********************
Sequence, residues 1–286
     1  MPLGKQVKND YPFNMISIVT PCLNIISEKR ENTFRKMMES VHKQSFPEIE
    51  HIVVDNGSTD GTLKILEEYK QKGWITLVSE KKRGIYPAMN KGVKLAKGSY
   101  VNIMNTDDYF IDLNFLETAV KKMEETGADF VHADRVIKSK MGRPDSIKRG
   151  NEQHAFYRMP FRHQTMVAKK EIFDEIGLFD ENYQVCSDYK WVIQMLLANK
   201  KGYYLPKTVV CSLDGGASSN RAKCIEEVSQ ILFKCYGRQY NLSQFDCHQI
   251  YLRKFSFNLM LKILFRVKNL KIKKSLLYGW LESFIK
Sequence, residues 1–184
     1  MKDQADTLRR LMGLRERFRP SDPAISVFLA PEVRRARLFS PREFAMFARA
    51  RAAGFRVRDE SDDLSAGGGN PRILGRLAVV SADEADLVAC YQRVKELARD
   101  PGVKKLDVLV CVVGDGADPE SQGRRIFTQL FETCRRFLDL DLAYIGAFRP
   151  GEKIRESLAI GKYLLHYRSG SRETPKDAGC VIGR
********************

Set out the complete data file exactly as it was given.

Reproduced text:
Sequence, residues 1–286
     1  MPLGKQVKND YPFNMISIVT PCLNIISEKR ENTFRKMMES VHKQSFPEIE
    51  HIVVDNGSTD GTLKILEEYK QKGWITLVSE KKRGIYPAMN KGVKLAKGSY
   101  VNIMNTDDYF IDLNFLETAV KKMEETGADF VHADRVIKSK MGRPDSIKRG
   151  NEQHAFYRMP FRHQTMVAKK EIFDEIGLFD ENYQVCSDYK WVIQMLLANK
   201  KGYYLPKTVV CSLDGGASSN RAKCIEEVSQ ILFKCYGRQY NLSQFDCHQI
   251  YLRKFSFNLM LKILFRVKNL KIKKSLLYGW LESFIK
Sequence, residues 1–184
     1  MKDQADTLRR LMGLRERFRP SDPAISVFLA PEVRRARLFS PREFAMFARA
    51  RAAGFRVRDE SDDLSAGGGN PRILGRLAVV SADEADLVAC YQRVKELARD
   101  PGVKKLDVLV CVVGDGADPE SQGRRIFTQL FETCRRFLDL DLAYIGAFRP
   151  GEKIRESLAI GKYLLHYRSG SRETPKDAGC VIGR